gogaku at IX.NETCOM.COM
Mon Jun 18 18:21:47 UTC 2012
FWIW, I don't see the slang meaning of "insult" (dog, cap, roast, etc.) on Wiktionary.
Urban Dictionary has it under "Clown (verb)":
To make fun of someone in a very good natured sense, or with malicious intent, with no inbetween.
"Bob, chill out, I'm just clowning on you"
"I heard steve's car got keyed. Someone clowned all over him"
...Not sure what "inbetween means."
It also seems to have it under "clown on":
To be put to shame or ridiculed by a clown
"You just got clowned on, dog!"
"Clown on" certainly can be found on Google Books with this meaning.
By my count (or Excel's rather), Urban Dictionary has 346 entries starting with "clown," including some that differ only in spelling (space, hyphen, capitalization). Many of them are sexual, seeming to refer to people that look like clowns (too much makeup, a stupid-looking expression) or act like clowns (idiots).
On Jun 18, 2012, at 9:58 AM, Joel S. Berson wrote:
> Aren't they both -- the "class clown" and Harper's "clown question"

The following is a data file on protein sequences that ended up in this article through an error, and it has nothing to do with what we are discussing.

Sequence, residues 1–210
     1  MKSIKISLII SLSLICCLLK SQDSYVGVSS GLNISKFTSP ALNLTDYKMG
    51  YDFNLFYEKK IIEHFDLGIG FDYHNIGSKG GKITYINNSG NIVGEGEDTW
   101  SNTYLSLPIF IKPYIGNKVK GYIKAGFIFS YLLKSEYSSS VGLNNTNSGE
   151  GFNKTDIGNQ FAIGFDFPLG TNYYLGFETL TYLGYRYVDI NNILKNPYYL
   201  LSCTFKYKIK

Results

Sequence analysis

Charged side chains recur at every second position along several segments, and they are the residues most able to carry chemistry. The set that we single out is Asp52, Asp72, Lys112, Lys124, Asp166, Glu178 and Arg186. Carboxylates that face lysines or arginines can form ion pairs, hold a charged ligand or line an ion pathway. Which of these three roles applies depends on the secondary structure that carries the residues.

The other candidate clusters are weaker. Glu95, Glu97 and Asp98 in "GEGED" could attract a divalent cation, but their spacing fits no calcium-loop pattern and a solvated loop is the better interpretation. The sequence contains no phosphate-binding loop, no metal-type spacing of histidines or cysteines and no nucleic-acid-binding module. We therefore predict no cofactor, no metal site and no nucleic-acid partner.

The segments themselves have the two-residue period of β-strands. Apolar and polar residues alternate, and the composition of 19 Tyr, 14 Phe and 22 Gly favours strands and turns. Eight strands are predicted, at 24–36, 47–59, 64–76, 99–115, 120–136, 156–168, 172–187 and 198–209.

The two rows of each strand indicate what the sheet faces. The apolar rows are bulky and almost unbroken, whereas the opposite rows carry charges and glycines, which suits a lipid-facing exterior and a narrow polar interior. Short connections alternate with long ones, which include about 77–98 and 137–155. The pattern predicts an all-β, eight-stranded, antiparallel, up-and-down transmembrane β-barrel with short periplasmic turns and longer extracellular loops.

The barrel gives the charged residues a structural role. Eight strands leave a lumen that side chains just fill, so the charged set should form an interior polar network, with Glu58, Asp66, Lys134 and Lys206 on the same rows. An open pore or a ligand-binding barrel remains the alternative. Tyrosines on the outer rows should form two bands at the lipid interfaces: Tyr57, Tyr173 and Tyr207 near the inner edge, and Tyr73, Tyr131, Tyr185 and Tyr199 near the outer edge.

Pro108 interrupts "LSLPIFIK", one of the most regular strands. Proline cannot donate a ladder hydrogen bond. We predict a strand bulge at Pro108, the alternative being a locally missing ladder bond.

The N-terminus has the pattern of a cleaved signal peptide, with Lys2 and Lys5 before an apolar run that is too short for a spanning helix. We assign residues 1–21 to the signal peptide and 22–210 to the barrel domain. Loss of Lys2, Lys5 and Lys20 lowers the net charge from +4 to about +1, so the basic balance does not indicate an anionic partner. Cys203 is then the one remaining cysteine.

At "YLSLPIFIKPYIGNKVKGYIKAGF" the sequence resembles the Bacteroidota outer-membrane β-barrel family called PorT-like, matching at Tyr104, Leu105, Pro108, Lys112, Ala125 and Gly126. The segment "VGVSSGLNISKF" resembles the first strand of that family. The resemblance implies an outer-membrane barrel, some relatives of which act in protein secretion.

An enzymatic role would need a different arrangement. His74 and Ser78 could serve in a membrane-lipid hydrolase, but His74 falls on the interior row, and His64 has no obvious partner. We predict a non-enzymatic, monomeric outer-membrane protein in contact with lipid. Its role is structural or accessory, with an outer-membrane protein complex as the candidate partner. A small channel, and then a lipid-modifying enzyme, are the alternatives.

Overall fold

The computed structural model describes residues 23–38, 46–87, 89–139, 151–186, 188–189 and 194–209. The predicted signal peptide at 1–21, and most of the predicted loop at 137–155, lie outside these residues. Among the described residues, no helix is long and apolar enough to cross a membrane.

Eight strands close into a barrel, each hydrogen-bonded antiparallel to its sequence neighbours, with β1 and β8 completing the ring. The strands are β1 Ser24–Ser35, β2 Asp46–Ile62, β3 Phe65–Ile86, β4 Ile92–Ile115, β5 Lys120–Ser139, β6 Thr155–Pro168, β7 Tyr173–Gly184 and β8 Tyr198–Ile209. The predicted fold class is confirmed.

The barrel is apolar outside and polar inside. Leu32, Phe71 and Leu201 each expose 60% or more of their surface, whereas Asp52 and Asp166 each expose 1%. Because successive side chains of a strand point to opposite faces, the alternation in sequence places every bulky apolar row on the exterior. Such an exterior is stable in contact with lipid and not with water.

> (which I take as "question from a clown") related to the "ignorance" part of:
> OED2 "clown, n.", sense 2. "transf. A man without refinement or
> culture; an ignorant, rude, uncouth, ill-bred man."?
> Evolving from sense 1.b, "Implying ignorance, crassness, or rude
> manners: A mere rustic, a peasant."
> Both date from the 16th century, with the "peasant" association
> having dropped out because once they began claiming that they were
> better than the French the English decided to deny they had any peasants.
> At 6/18/2012 11:08 AM, Bonnie Taylor-Blake wrote:
>> On Mon, Jun 18, 2012 at 6:50 AM, David Barnhart
>> <dbarnhart at highlands.com> wrote:
>>> "You always get that class clown question. 'No, I was the class accountant,
>>> but the class comedian got sick. I stepped in, and decided I'm not giving
>>> this up.' It's the same 10 questions. Ahhhh, shut up!" [Mike]
>> MacDonald said
>>> before heading in to tape the new program.
>>> Larry McShane, "What's New In Comedy," Associated Press (Nexis), March 23,
>>> 1992, Monday, PM cycle
>> OK, but I think the distinction between this occurrence and Bryce
>> Harper's usage is that MacDonald was talking about a question related
>> to being a class clown while Harper essentially called out the
>> reporter for asking a silly/ridiculous question, one not worth his
>> time addressing.
>> (I'm going to try out "that's a clown question" this week, though not
>> with any of my superiors.)
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